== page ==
Flights: The number of budget airlines in India seems to be growing all the time and as a result, the fares are often remarkably low. I was just online yesterday checking out a few flights and I found a flight from Kolkata to Delhi for $75 USD, a flight from Delhi to Kochi for $85 and Delhi to Mumbai for $75. I even found a flight from Kolkata to Guwahati in the Northeast State of Assam for $50, a flight that would save a traveler about 20 hours of travel time. So, flights are worth checking out these days, especially for long distances.

Local Transport: When it comes to getting around towns or cities, you’ll basically have the following options…your feet, auto-rickshaws, cycle-rickshaws, taxis and local buses. And once you choose your method, it’s best to understand that you will almost always pay more than the local fare but with some confident negotiating you can usually keep the foreigner premium to a minimum. You might get lucky and find a taxi or auto-rickshaw driver who has and is willing to use their meter but chances of that happening are slim. The ticket collectors on local buses should quote you the normal fare, which should be very low, around 5 or 10 Rps per trip. And with cycle-rickshaws, you just reach an agreement and go from there…local fares on this method are absurdly low and even if you pay double that amount, it’s an inexpensive way to get around. In cities such as Kolkata and Delhi, you can also use the metro to reach many destinations, making local travel relatively hassle-free.


As with everything else in India, entrance fees are all over the map. The Taj Mahal costs 750 Rps for foreigners, the Red Fort in Delhi costs 250 Rps and the wonderful Bundi Palace costs 150 Rps. Some places might cost 5 Rps, others might cost 200 Rps, and many are free…there just doesn’t seem to be much of a pattern. One thing to note is that for many sites, there is a two-tier fee system where foreigners pay significantly more than Indians. Either way, the entrance fees are not too outrageous – almost always under $5 USD – and I can’t think of any place that is so overpriced that it’s not worth visiting.

Orchha, India


The availability of internet for travelers in India has greatly improved recently, with free Wi-Fi now available at some budget hotels and at cafes that cater towards travelers. However, internet is often quite slow here and in many cases during my current trip, too slow to use at all. Another option is to purchase a local USB WiFi device from an Indian mobile network provider, but again, those travelers I met who had been using one were quite disappointed with the connection quality. In fact, their connections were usually much worse than the excellent connection I’ve been enjoying with my mobile WiFi router from So for those of you who really need reliable internet while traveling, you may want to check out Telecomsquare as well.

When it comes to using your mobile phone, India has now made it quite easy for foreigners to purchase a local SIM card. All you need is a passport photo and a photocopy of your passport and you can get set up at any mobile phone shop. On this trip, I bought a SIM card with the company AirCel. It cost me 100 Rps for the SIM card, 98 Rps for 1 month of unlimited data around the country and then I added 200 Rps worth of call/text credit. Not a bad deal at all.


Here’s a few more tips that I’ve learned during my many visits to India that might help you keep your expenses as low as possible…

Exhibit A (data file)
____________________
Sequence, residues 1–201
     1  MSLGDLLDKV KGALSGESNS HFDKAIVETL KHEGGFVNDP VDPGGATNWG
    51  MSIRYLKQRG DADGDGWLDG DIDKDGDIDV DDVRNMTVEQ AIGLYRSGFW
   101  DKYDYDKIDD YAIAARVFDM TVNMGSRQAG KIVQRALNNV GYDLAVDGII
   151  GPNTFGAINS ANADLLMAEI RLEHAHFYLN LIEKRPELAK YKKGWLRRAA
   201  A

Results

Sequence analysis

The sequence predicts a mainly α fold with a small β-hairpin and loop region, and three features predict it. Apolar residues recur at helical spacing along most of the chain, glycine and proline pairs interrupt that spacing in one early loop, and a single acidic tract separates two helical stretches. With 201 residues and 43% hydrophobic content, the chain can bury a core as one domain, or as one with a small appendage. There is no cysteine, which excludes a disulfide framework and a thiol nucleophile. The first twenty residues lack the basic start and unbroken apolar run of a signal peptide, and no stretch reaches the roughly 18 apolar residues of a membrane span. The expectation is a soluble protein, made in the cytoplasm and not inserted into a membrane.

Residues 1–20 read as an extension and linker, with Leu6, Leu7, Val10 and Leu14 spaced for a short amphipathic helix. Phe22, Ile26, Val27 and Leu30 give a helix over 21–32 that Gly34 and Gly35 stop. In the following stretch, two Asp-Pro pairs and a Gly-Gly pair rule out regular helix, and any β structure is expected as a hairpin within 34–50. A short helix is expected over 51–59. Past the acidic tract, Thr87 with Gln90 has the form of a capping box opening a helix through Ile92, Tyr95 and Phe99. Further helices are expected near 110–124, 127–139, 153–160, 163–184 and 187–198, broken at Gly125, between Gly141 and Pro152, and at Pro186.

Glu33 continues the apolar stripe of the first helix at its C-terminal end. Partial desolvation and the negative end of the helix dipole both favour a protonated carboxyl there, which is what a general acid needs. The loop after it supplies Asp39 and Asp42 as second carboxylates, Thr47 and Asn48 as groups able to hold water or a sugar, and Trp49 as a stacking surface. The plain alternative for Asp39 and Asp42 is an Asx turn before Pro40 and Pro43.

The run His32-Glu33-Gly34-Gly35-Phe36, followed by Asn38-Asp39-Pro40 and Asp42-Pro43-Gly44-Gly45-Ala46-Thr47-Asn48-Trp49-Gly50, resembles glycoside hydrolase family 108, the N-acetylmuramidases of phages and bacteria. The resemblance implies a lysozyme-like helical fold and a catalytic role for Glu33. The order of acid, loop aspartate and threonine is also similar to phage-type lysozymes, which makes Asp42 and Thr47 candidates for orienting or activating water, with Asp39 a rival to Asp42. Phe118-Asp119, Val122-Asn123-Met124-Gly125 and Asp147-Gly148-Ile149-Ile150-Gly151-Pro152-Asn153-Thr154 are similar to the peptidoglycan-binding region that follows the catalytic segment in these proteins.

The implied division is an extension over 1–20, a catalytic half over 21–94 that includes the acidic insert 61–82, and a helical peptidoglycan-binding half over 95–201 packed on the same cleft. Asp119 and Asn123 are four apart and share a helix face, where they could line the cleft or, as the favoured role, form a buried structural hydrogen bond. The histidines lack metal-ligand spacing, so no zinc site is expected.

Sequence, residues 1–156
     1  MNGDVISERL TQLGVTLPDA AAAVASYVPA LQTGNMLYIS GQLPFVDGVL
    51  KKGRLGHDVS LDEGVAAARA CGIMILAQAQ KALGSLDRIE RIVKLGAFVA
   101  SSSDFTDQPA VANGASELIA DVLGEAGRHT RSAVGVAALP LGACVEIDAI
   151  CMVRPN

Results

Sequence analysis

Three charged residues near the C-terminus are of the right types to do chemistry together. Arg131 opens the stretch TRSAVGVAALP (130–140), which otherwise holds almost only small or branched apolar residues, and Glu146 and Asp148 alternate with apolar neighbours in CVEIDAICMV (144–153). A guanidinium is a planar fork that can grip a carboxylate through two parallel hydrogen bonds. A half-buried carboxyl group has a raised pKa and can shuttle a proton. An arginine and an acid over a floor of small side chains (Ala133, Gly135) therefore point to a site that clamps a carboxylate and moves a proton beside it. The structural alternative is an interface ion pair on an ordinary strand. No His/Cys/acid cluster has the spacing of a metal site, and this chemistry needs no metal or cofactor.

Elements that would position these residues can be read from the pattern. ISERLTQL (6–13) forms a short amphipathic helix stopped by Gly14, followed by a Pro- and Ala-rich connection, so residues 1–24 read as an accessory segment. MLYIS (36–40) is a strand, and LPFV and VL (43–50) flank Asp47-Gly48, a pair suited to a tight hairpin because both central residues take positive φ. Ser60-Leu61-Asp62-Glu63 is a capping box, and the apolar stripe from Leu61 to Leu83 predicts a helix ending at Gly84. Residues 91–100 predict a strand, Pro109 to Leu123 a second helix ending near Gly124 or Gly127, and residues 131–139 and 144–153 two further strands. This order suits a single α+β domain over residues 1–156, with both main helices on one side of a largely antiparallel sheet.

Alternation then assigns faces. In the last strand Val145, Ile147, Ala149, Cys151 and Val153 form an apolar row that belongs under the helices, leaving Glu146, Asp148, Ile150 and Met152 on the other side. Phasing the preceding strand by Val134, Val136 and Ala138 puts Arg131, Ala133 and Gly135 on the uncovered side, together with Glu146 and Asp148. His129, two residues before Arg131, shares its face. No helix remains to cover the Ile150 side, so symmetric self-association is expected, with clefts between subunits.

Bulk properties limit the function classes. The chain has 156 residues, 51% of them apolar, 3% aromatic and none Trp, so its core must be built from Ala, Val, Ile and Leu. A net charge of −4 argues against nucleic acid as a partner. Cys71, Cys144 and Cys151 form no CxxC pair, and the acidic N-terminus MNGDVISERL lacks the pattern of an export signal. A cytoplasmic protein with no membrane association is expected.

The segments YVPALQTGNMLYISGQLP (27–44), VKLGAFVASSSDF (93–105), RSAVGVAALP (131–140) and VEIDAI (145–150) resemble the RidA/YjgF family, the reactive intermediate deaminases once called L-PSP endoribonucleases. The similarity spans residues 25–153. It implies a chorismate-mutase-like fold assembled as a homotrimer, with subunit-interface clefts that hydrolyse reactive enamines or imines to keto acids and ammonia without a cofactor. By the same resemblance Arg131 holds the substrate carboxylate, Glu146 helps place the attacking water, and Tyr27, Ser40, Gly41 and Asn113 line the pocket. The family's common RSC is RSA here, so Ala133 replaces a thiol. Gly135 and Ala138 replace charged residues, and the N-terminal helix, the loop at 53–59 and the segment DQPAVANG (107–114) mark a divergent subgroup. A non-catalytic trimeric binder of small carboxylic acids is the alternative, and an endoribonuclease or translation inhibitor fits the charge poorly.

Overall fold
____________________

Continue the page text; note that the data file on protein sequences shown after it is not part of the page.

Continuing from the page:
– Bargain…for almost everything. Unless the price is listed somewhere, you’re generally free to try and negotiate a better price.

– If you’re at a stalemate while bargaining, politely decline the vendor’s final offer and walk away. You just might find that he’s suddenly calling you back, willing to sell you the item at the lower price that you asked for.

– Stay calm and friendly while bargaining as this is all part of how business gets done here. Anger won’t get you anywhere.

– Keep a small amount of money in one pocket and a larger amount in the other so that you don’t have to pull out all of your cash when paying for small items.

– When purchasing items from a normal shop (bottled water, packaged snacks, soap/shampoo, etc.) there is always a MRP (maximum retail price) printed on the package. This is the price that you should pay as these prices are set by the manufacturer, not by the shop owners, so be sure to check before handing over your money and never pay more than what is listed.

– There is no shortage of ATMs in India but do keep in mind that local banks charge 200 Rps per ATM withdrawal for foreign bank cards.

– Credit cards are sometimes accepted at higher-end shops and hotels but they usually add on a fee of up to 5% so make sure you ask before handing over your card.

– When checking into a hotel, be sure to ask if there are any taxes or service charges added onto the final bill. These extra charges vary greatly among hotels and sometimes, you can negotiate to have all of those taxes/charges removed. (Some restaurants also add on taxes and a service charge and I’ve managed to avoid paying these with a little negotiating.)

– Remember that no matter how much you pay for something, you’re in magical India, and that you shouldn’t let a little overpaying ruin your incredible trip!

I hope the above helps out those thinking about traveling to the subcontinent and as always, I wish you wonderful adventures ahead!

If you’ve been to India, or live there, do you have any additional tips/comments to share?

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Since 1999 I've been traveling and living around the world nonstop. With this blog, my aim is to give you an honest account of this lifestyle - from the brilliant moments to the major challenges - in order to help you achieve your own travel goals.